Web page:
In late August, the Belarusian KGB leadership made their first visit ever to Tbilisi. The Belarusian secret service and the State Security Service of Georgia signed the cooperation agreement. Neither the state media, nor the KGB reported about this. Minsk is interested in building political cooperation with Georgia, which is a part of the strategy to restore relations with the West without changing the political system in Belarus.
The special services of the two countries aim to cooperate in fighting against terrorism, corruption, international crime and combat crimes against state security. That said, in October 2016, the parliamentary elections will be held in Georgia and the chances for the party of former president Mikhail Saakashvili to form a government are rather high. Minsk has positive cooperation experience with Saakashvili. In addition, the Belarusian authorities are very interested in having lobbying opportunities in Washington, where the former Georgian president apparently has strong positions.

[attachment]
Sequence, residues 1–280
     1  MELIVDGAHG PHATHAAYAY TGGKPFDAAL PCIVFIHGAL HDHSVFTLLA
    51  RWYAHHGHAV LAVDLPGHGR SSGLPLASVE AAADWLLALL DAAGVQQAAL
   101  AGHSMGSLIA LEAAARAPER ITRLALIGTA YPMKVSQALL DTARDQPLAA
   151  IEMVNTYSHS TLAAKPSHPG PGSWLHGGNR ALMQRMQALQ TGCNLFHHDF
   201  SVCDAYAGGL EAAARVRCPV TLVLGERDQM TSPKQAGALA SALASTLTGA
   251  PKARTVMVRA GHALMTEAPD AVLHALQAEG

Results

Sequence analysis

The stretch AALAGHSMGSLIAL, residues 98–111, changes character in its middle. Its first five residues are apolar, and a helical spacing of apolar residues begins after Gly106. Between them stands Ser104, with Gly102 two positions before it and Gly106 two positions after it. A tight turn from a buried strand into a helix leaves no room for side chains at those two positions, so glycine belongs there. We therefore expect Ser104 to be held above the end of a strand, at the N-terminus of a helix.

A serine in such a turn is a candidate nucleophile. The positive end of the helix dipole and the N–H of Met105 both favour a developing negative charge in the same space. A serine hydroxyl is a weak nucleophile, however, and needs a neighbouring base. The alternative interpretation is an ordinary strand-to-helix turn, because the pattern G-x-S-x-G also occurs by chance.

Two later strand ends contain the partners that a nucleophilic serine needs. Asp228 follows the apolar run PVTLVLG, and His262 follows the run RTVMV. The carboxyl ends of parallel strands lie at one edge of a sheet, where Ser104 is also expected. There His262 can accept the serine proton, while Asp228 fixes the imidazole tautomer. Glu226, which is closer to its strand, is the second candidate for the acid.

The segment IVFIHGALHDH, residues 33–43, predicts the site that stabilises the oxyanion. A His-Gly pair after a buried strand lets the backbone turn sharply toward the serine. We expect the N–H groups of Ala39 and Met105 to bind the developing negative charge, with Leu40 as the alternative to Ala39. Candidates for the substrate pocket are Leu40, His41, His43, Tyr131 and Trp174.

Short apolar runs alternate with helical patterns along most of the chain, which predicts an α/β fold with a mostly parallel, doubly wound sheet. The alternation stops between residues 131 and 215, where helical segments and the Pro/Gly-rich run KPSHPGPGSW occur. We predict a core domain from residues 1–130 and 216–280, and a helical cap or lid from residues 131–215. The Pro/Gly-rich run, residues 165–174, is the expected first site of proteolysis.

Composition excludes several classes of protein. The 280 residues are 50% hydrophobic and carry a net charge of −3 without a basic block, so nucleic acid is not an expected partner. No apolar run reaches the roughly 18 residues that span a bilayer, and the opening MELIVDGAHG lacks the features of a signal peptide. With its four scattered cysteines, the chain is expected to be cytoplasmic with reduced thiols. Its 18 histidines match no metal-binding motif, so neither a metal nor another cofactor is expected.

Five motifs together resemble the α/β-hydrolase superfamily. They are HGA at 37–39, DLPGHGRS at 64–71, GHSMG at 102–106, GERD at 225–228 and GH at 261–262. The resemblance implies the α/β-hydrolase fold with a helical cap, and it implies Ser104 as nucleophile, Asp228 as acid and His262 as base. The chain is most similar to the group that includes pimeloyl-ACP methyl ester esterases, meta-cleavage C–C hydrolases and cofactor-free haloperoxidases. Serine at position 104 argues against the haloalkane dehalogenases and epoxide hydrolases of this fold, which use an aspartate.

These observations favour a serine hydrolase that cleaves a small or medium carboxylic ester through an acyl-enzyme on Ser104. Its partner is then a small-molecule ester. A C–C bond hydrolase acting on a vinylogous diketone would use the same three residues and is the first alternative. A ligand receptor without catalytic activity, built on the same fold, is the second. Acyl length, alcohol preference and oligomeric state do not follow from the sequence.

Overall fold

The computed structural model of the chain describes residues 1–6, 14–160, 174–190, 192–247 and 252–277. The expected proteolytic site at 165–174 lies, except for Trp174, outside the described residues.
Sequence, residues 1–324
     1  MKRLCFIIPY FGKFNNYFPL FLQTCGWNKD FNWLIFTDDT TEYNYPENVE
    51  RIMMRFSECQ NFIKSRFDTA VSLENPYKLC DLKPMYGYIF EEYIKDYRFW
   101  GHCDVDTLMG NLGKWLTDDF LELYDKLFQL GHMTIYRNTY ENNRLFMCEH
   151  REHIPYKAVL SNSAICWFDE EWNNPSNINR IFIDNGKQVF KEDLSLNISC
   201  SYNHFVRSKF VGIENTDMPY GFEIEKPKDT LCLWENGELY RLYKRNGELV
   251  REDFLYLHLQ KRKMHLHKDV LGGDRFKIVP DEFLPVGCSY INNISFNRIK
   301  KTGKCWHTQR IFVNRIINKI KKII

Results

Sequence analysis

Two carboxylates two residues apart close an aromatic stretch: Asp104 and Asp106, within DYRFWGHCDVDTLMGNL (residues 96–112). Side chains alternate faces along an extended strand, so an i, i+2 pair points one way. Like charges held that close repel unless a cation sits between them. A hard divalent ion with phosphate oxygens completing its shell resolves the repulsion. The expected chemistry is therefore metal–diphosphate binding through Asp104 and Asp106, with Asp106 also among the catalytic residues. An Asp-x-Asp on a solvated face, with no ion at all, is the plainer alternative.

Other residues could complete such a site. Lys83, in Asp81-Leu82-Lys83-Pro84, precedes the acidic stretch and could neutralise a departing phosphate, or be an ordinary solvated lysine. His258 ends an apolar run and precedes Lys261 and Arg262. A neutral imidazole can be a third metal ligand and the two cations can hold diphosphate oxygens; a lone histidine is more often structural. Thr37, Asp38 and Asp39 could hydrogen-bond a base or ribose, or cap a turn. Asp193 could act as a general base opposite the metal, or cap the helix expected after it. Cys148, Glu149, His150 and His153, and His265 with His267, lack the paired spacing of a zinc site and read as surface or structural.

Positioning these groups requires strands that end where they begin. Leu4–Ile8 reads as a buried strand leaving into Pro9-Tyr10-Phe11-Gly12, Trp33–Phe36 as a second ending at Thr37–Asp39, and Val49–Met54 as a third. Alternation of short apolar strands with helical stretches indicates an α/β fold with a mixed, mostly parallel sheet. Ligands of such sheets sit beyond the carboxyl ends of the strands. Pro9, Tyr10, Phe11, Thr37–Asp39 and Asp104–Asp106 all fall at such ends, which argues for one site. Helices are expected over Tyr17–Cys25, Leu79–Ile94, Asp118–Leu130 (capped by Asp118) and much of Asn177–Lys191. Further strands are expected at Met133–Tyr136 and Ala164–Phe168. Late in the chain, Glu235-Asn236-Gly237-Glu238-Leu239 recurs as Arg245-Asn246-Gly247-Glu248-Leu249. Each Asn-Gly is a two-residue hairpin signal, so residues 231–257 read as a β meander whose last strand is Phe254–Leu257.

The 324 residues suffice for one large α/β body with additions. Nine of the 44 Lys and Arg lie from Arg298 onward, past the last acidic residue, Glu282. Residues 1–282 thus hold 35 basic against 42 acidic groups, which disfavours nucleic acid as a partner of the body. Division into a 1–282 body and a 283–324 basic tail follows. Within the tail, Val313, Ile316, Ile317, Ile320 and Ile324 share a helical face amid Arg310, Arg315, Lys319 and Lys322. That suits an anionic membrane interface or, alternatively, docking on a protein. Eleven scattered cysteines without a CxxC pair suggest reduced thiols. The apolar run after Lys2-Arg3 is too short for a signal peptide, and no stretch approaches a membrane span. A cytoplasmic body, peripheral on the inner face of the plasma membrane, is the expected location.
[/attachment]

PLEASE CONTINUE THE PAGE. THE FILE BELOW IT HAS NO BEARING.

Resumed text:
The undemocratic nature of the ruling regime in Belarus is clearly an obstacle for the full-scale cooperation with the West. In the given circumstances, the Belarusian authorities are seeking so to say ‘guarantors’ in relations with Brussels and Washington among post-soviet states, with which they could have both, value-based and pragmatic (including on regional security) cooperation.
The Belarusian authorities have the intention to preserve the existing political regime intact. In the process of improving relations with the US and the EU, Minsk is seeking to gain maximum benefits with minimal reciprocal steps, including through contacts and lobbying capabilities of some countries in the region, which could promote Belarus’ interests in the West. Minsk is likely to boost cooperation with Poland, Ukraine, Georgia and the Baltic States on economy, politics and security issues.